iPad Pro vs MacBook Pro: What's the difference?

Apple's iPad Pro and MacBook Pro are often used to accomplish the same tasks. You can use them to browse the web, shop online, send emails, edit videos, or play games.

Still, the iPad Pro (7th generation) and MacBook Pro (M2) have different priorities. Most users expect either device to be adequate for daily use, but there are situations where one device outshines the other. Here's what you need to know before buying.

iPad Pro
  • Light, portable and multifunctional

  • Has a touch screen that supports Apple Pencil

  • Simple, intuitive interface

  • Multitasking is possible but limited

  • Limited support for external devices and displays

MacBook Pro
  • Great for multitasking

  • Excellent file management

  • Mass customization

  • No touch screen

  • The interface can be confusing

The iPad Pro and MacBook Pro are similar in many ways, even more so today than in the past.

iPad Pro is suitable for anyone, even those new to Apple products. That's the way it's designed. However, the MacBook Pro runs a much more complex operating system than the iPad's (and quite different from the more popular Windows operating system), so there's a learning curve for the inexperienced.

You can't turn a MacBook Pro into a tablet, which highlights the fundamental difference. The iPad Pro can be used at a desk, on the bus, or in bed, while the MacBook Pro can only be used on a flat surface.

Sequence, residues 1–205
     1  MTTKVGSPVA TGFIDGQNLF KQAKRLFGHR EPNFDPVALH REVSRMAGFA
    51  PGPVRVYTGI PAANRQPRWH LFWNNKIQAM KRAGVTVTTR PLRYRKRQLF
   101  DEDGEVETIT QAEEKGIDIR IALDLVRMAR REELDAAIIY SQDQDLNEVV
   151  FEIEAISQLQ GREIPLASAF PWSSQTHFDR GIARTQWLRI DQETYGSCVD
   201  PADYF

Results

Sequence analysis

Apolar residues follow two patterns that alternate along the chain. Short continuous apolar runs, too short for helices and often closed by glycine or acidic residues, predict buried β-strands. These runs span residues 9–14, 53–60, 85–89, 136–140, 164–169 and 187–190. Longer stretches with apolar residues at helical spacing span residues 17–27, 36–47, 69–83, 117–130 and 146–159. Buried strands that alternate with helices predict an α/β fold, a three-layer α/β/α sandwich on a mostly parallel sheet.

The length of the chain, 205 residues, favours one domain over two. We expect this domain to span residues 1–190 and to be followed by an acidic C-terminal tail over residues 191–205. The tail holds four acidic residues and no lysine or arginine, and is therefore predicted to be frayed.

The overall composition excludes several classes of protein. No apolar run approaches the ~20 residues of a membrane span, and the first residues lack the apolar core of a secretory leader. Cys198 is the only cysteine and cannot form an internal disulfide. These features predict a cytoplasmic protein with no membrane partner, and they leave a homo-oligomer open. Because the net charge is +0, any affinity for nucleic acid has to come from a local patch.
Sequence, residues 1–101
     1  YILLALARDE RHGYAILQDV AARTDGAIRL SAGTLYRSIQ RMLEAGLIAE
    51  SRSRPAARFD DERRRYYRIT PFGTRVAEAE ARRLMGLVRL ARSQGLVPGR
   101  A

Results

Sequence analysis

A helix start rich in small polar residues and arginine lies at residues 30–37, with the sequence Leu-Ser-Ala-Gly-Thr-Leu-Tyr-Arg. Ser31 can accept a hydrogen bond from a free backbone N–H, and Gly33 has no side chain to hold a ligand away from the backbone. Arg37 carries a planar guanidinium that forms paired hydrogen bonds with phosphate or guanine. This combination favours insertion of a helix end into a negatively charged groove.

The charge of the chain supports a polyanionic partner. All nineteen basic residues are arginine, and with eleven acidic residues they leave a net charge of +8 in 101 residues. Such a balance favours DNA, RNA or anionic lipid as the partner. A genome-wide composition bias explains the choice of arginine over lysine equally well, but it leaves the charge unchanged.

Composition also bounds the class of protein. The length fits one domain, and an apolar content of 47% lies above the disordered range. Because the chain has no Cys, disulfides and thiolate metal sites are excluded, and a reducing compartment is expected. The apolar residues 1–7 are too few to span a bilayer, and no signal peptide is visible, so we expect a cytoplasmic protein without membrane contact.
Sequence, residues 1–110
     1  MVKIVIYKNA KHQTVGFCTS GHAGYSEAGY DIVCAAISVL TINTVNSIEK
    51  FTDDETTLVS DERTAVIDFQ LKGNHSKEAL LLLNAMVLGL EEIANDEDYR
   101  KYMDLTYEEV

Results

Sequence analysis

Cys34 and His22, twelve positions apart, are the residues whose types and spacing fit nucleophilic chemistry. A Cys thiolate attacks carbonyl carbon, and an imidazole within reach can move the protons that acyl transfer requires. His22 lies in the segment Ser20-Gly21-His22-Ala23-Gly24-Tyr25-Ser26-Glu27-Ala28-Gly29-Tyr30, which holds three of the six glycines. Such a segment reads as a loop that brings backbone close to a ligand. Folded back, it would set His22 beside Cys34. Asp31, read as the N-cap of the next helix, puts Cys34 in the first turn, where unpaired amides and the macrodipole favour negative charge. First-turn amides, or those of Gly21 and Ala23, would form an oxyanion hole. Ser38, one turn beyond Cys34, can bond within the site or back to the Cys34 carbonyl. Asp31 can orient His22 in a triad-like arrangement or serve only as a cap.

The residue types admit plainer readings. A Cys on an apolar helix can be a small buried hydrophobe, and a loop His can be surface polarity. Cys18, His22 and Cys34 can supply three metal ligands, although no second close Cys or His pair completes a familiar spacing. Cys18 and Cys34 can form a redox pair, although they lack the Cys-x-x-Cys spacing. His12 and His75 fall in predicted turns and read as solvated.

The MacBook Pro lacks versatility, but it excels in customization. MacBook Pro can run more software by accessing apps outside of the App Store. You can dig into options you won't find on any iPad. MacBook Pro can also connect to more external devices simultaneously.

You can use your iPad however you want, and iPadOS will adapt to how you use it. If you want to switch from tablet to laptop, you don't need to open the box to make your choice. Just connect your Magic Keyboard and start typing.

Apple's MacBook Pro running macOS prides itself on its ease of use compared to Windows. There's a good reason for this. The Mac operating system is approachable, and Apple has applied lessons learned from the success of iOS to the design of macOS.

Nonetheless, macOS's lineage can be traced back to the original Mac operating system, released in 1984. Apple designed it to be used by people familiar with home computers at a desk with a keyboard and mouse. Apple has removed friction from macOS over the years, but it will never waver from that legacy.

The MacBook has always been more complex than the iPad. If you're looking for simplicity, you should only view it as a negative.

Both the iPad Pro and MacBook Pro support multitasking, but the MacBook Pro is the most popular.

The iPad Pro's multitasking capabilities are still rudimentary. You can open two apps side by side in Split View, or use Slide Over to place one app on top of another. iPad Pro also supports picture-in-picture, and the iPad has a variety of touch gestures designed to make switching between apps easy.

MacBook Pro has no limit on the number of apps you can open and use. You can watch multiple videos at the same time, export videos from Adobe Premiere Pro while chatting on Slack, watch your favorite reality TV series, and keep an eye on incoming emails.